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Review Marvel/Netflix Iron Fist

By Emmet Jones

In 2008, Marvel Studios started a campaign to finally make a Cinematic Universe for all of their superheroes to co-exist and fight villains. Iron Man set all this in motion, a domino effect to making at least three Marvel Superhero Movies a year, and enough back content for us to fall in love with the characters.

However, in 2015, Marvel, ABC Studios & Netflix came together to make a far grittier addition to the Cinematic Universe, with the launch of Daredevil. The protagonist became the first “street-level” superhero which took on criminal gangs and the everyday problems of people in New York City, while Thor, Iron-Man & Captain America saved the world from intergalactic and inter-dimensional threats.

Daredevil, Jessica Jones & Luke Cage all brought a grounding reality to the universe, and in anticipated move they will all be included in the collective “The Defenders” television show out later in 2017. The last member of the team, Iron Fist, was released in March 2017, and before I go any further, I have to say it was the weakest addition to the group so far.

Finn Jones – whom viewers will recognise as HBO Game of Thrones Sir Loras Tyrell – plays Danny Rand, also known as the Iron Fist. In a story arch incredibly copycat-esque of Batman, Danny is orphaned when his parents are killed in a plane crash from which he survives, and then he is raised by Buddhist Monks and schooled in ancient Kung Fu, in the secret city of Kun Lun.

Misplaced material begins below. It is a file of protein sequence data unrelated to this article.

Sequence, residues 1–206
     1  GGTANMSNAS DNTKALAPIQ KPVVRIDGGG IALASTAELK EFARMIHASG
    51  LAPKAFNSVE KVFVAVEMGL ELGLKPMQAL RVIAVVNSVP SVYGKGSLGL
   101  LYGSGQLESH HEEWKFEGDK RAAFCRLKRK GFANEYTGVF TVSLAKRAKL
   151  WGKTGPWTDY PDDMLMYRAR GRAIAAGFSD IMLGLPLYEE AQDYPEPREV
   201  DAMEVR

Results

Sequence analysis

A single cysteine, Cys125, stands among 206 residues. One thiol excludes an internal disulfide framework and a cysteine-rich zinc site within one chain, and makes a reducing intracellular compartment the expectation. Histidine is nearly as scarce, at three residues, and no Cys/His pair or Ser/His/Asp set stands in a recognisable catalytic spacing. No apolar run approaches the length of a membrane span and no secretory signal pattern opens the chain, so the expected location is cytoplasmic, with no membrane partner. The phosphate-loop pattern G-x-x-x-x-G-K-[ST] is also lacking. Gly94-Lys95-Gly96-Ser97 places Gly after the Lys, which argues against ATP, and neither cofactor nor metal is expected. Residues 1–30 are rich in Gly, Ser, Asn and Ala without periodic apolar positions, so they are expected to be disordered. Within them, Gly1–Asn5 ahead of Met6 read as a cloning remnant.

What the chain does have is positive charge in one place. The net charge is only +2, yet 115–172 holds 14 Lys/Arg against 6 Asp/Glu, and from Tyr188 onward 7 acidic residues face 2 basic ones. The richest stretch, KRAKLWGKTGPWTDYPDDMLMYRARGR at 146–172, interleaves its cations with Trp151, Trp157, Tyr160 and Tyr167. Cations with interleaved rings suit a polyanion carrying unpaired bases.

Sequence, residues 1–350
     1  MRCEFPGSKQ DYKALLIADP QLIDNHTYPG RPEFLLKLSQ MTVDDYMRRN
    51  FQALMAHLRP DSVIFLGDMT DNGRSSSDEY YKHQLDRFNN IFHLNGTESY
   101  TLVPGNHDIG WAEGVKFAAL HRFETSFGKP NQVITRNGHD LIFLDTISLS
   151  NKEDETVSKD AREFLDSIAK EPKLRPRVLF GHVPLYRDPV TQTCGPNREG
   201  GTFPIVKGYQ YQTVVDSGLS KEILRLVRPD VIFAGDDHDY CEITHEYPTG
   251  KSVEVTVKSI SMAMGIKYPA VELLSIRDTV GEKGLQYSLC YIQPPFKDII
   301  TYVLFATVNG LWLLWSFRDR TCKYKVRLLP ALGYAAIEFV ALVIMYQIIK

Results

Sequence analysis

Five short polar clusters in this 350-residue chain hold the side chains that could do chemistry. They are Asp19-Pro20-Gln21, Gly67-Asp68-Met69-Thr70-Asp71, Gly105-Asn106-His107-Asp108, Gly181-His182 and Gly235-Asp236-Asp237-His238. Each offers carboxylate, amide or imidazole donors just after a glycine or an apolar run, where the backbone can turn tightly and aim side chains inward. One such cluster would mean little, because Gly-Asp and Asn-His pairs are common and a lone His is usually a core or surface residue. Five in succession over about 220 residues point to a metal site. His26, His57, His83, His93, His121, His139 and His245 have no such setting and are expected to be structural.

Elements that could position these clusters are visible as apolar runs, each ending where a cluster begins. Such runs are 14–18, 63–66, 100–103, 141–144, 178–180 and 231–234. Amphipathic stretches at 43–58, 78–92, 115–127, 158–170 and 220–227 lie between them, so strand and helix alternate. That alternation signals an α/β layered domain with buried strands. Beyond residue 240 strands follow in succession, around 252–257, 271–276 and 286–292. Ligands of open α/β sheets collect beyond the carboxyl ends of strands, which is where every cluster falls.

When Danny returns out of the blue to New York City, he is met with suspicion and confrontation by the new managing directors of his father’s company, whom also turn out to be his childhood friends. After a rigmarole plot of re-obtaining his billionaire status from Joy & Ward Meechum, he sets out to do some good.

And that is literally the key plotline of the first five episodes of the season, with some boring business side-plots that are overwhelmingly insignificant tossed in as padding.

The only redeeming part is the introduction of Jessica Henwick, who plays Coleen Wing, a Martial Arts Sensei and practitioner that has much more depth and focus than the Bruce Wayne wannabe Danny. Villains wise, we have the puppeteer behind Rand Enterprises Harold Meechum – played by David Wenhem – the father of Joy & Ward, who was brought back from the dead by The Hand, a fearsome reoccurring enemy across this cinematic universe.

The return of various characters that have regularly appeared across the different series’; Jeri Hogarth, Claire Temple & the insidious Madame Gao were underused, but very much essential.

I’m a big Marvel fan, I really enjoy what they do, but “Iron Fist” seems rushed, ill-scripted and a poor addition to the Netflix Pantheon. As their television content goes, this Kung Fu Billionaire childish chappie Danny Rand has to seriously grow up for “The Defenders”, or I reckon Luke Cage might snap him in two.

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